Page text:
GLOBAL DEVELOPMENT

Sustainable Social
Funding

SHARE
Facebook
Twitter

While South Africa falls under the classification of a middle-income country, it grapples with profound social issues stemming from sluggish economic growth, political instability and a growing wealth gap.

In comparison with other African nations, South Africa appears to allocate a relatively substantial portion of its budget to fundamental services such as healthcare, education and safety. However, these allocations do not necessarily translate into favourable outcomes.

South Africa and the world are currently witnessing an escalation of global geopolitical events that demand a more responsive humanitarian sector. Climate-related disasters are on the rise, affecting not only underdeveloped countries but also nations that find themselves grappling with the consequences of these disasters, including the displacement of families, children and the erosion of livelihoods. Simultaneously, ongoing conflicts between nations necessitate a robust humanitarian response to address the devastating impact on families, children and livelihoods. Moreover, the profound consequences of the COVID-19 pandemic have led to setbacks in countries' efforts to improve the quality of life for their citizens.

The crux of the problem lies in the fact that as humanitarian challenges continue to surge, they compound the pre-existing unmet societal needs. Resources available to bridge these gaps remain limited, leaving funders and humanitarian organisations struggling to cope with the constraints of both human and financial resources.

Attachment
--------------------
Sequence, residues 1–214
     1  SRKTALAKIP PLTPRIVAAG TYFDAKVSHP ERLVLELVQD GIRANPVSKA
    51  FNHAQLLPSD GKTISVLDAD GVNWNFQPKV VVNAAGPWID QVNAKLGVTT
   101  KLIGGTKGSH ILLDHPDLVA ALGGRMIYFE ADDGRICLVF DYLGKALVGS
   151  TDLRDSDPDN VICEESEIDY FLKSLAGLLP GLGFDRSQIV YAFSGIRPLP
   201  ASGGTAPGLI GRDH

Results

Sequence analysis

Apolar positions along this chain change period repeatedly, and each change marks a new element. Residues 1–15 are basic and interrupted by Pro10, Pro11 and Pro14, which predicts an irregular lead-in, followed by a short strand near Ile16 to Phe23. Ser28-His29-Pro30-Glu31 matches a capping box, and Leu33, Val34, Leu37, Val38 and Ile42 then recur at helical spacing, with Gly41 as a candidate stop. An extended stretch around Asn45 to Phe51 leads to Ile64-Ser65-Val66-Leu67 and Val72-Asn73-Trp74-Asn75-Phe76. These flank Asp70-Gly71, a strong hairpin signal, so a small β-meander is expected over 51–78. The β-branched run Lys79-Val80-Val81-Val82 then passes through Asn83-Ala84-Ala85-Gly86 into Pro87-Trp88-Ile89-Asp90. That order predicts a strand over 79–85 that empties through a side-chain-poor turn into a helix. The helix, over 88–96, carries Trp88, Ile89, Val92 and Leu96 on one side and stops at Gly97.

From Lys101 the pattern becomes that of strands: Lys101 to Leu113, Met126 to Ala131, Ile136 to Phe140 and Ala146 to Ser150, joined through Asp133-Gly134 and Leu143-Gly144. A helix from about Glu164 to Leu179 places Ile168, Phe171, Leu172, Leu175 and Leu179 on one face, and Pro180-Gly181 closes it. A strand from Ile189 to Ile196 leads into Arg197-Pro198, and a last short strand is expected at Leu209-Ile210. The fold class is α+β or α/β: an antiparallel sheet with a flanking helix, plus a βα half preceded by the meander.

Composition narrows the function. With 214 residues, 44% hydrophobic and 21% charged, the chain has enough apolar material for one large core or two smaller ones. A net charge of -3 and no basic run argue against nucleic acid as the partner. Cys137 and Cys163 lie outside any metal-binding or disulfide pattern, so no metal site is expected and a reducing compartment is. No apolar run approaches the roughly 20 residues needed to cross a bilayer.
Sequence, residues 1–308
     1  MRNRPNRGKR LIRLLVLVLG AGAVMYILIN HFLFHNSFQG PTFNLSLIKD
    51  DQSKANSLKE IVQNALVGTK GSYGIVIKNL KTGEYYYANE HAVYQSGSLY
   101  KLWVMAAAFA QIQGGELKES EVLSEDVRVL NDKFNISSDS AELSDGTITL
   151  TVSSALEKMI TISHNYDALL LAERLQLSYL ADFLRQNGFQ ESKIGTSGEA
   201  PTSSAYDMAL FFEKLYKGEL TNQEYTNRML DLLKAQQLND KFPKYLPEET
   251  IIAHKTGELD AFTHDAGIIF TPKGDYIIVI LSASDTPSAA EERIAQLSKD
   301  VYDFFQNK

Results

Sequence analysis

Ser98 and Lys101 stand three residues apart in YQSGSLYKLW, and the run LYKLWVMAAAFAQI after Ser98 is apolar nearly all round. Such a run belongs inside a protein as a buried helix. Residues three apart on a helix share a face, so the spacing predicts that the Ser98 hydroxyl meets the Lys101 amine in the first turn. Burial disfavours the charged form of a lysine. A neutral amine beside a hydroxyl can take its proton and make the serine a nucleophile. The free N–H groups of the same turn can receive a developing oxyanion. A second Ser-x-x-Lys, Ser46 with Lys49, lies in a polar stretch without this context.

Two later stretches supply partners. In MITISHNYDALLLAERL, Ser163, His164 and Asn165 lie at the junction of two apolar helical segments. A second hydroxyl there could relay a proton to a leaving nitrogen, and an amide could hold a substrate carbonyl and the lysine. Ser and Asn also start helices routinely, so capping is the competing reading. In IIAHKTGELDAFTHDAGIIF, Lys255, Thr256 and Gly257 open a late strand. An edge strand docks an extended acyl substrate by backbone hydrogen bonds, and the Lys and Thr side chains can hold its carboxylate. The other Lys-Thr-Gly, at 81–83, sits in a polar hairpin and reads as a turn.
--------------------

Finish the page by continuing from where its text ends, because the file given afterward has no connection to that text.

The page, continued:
Being a middle-income country with a relatively thriving private sector, South Africa's development and humanitarian organisations face a pressing challenge: they must explore opportunities within their borders and their own organisations to secure funding and human resources to address local needs.

At the Recent GDO Roundtable event there were key take-outs from the valuable discussions:

  • Long term commitment from Donors and Governments will provide a higher impact
  • Rural areas, Townships and informal settlement are the areas that need greater investment
  • Repeat funders is key, and flexibility from donors in providing unrestricted funding is vital
  • The non-profit sector should work together, each leveraging on your own strengths
  • Addressing unemployment and supporting women and youth
  • Collaboration and partnerships are key

Related Articles

RISK MANAGEMENT

Why are 2 countries are taking 95% of Africa’s blockchain funding?

Blockchain technology is revolutionising industries across the globe, driving financial inclusion, enhancing transparency, and fostering economic growth.

RISK MANAGEMENT

How to unlock next-generation talent in financial services

We often hear that there is a “war for talent” – particularly in emerging markets where the changing world of work has meant that the best and brightest now have the opportunity to move not only into exciting new types of work in technology-driven businesses, but also into businesses in places like the US, UK and China.

Podcasts

Doctor Copper’s Foreign Exchange Prognosis

The copper price is one of the best predictors of global economic and foreign exchange (forex, or FX) trends. In this episode of Coffee Break Commerce we explain why rand investors should pay closer attention to Doctor Copper.